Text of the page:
• Madi Cordle

How to Choose a Cloud Service Provider:

The decision to move to the cloud can be an overwhelming one, especially because different businesses require very different cloud vendors. There are several factors an organization should consider before committing to one Cloud Service Provider:


Cloud Security


Security is a top concern when deciding on a cloud service provider. Before you start considering offerings, make sure you know exactly what your organization’s security goals are. It is important to know what security measures are offered by each provider, and what methods they use to keep your data and apps safe. Measures to look for include encryption, fire walls, antivirus detection, and multi factor user authentication. Look at your organization’s specific use cases, consider the needs of your industry, and then ask questions about how your data will be protected in the cloud.


Another important thing to understand prior to making a decision, is what security components would be the responsibility of the provider and what would be the responsibility of the consumer? For example, both AWS and Azure have a Shared Responsibility Model. With AWS, the provider is responsible for protecting the infrastructure and keeping it secure, while the consumer is responsible for securing the data, endpoints, account, and access management. A successful security implementation requires the understanding of where the provider’s responsibility ends and your organization’s responsibility begins. Avoiding gaps in coverage is key to protecting your data.


Compliance


Organizations need to choose a cloud service provider that can help them meet their industry’s compliance standards. (Ex. HIPPA, FERPA, GDPR) It’s imperative that you know what is needed to achieve compliance once your data and applications are in the cloud. Choose a cloud service provider that is constantly working to stay up to date on the latest rules and regulations.


Architecture


Before you commit to a provider, think about how the cloud architecture will integrate into your organization. If your company already heavily relies on Microsoft, Google, or Amazon consider proceeding with their cloud service offerings as this will likely provide the easiest integration. Be sure to also consider cloud storage architectures. There are multiple types of storage and archival storage based on how frequently you need to store and retrieve data.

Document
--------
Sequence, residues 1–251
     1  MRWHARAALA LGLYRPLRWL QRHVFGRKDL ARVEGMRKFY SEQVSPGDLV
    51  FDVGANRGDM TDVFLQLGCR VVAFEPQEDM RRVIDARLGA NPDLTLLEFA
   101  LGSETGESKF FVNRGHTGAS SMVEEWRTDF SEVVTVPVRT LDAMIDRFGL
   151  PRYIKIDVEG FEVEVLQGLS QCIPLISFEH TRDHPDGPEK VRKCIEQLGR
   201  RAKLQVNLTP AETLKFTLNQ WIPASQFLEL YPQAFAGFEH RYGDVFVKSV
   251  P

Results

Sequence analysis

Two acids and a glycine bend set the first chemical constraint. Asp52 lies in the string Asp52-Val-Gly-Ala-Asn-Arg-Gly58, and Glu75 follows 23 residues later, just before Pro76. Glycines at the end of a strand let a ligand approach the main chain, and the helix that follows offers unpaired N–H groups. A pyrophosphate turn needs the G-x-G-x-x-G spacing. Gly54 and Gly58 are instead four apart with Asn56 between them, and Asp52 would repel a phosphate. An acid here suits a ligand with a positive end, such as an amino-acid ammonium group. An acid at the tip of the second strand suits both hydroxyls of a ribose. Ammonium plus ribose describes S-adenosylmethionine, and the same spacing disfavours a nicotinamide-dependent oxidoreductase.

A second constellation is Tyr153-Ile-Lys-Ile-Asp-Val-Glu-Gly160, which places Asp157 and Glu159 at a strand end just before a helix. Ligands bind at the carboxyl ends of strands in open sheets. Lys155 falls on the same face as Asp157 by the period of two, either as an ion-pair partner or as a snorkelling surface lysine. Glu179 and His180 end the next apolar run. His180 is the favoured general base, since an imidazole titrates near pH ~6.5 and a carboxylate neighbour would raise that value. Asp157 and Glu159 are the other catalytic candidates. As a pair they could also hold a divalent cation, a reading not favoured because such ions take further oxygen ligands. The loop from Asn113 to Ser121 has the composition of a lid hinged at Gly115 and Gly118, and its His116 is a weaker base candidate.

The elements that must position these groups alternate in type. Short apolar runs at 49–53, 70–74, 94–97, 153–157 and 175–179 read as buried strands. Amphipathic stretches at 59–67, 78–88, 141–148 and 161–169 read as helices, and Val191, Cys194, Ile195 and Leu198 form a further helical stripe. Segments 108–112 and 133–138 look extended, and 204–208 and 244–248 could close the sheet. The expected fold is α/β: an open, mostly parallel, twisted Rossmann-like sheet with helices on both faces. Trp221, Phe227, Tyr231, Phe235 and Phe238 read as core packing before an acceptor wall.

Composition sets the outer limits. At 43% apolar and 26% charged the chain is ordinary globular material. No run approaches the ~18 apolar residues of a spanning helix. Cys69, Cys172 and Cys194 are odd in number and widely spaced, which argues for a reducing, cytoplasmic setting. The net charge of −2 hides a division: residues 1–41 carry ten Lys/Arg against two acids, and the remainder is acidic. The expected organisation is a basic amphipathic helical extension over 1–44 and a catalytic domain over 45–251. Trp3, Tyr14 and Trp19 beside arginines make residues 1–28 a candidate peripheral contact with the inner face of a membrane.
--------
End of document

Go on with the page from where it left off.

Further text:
Manageability


Make sure you know what each cloud service provider will require your organization to manage before you make a decision. For example, will you have to hire additional team members to manage the platform? Pay attention to each offering’s orchestration tools. Each cloud service provider has different orchestration tools and integrates with various other services. It’s important to make sure that the vital services for your organization can be easily integrated with your chosen provider.


Service Level Agreements


Cloud SLAs create a contractual relationship between the cloud consumer and provider and will protect your organization in the event that something goes wrong. They specify how issues should be identified and resolved, by who, and in what time frame. They also define how the provider will compensate for any failure to meet defined standards. SLAs should have 3 major components: service level objectives, remediation policies and penalties, and exclusions and caveats. You look at how service accessibility and availability is managed and assured, and see how these policies would fit with your organization’s requirements.


Support


It’s important to compare the level of support you would get with each cloud service provider. You want members of your organization to be able to get help quickly and easily when needed. Consider the level of support you will have access to before committing to a provider. For example, would you receive support via an online chat, over the phone, or through a dedicated resource? If your organization may need support on evenings or weekends, is a provider’s support offered 24/7 or only during business hours? It’s also good to ask cloud service providers about their average response and resolution times.


Vendor Lock-in and Exit Planning


Vendor lock-in happens when a consumer using a cloud service can’t easily transition to a competitor. Moving away from a cloud provider isn’t always an easy process so you need to make sure there is a clear exit strategy at the beginning of the relationship. You can avoid vendor lock in by minimizing the use of services that limit the consumer’s ability to migrate. Make sure to ask the provider how you will access data in the event that you transition to another provider? What state will it be in and how long will the provider keep it?


Cost


Your choice of cloud service provider should not be completely based on the cost, but that will be a factor in your decision. Look at your organization’s usage patterns to make sure you will only be paying for resources you actually need. Consider the base cost of all services as well as the associated costs of implementing that service into your organization.


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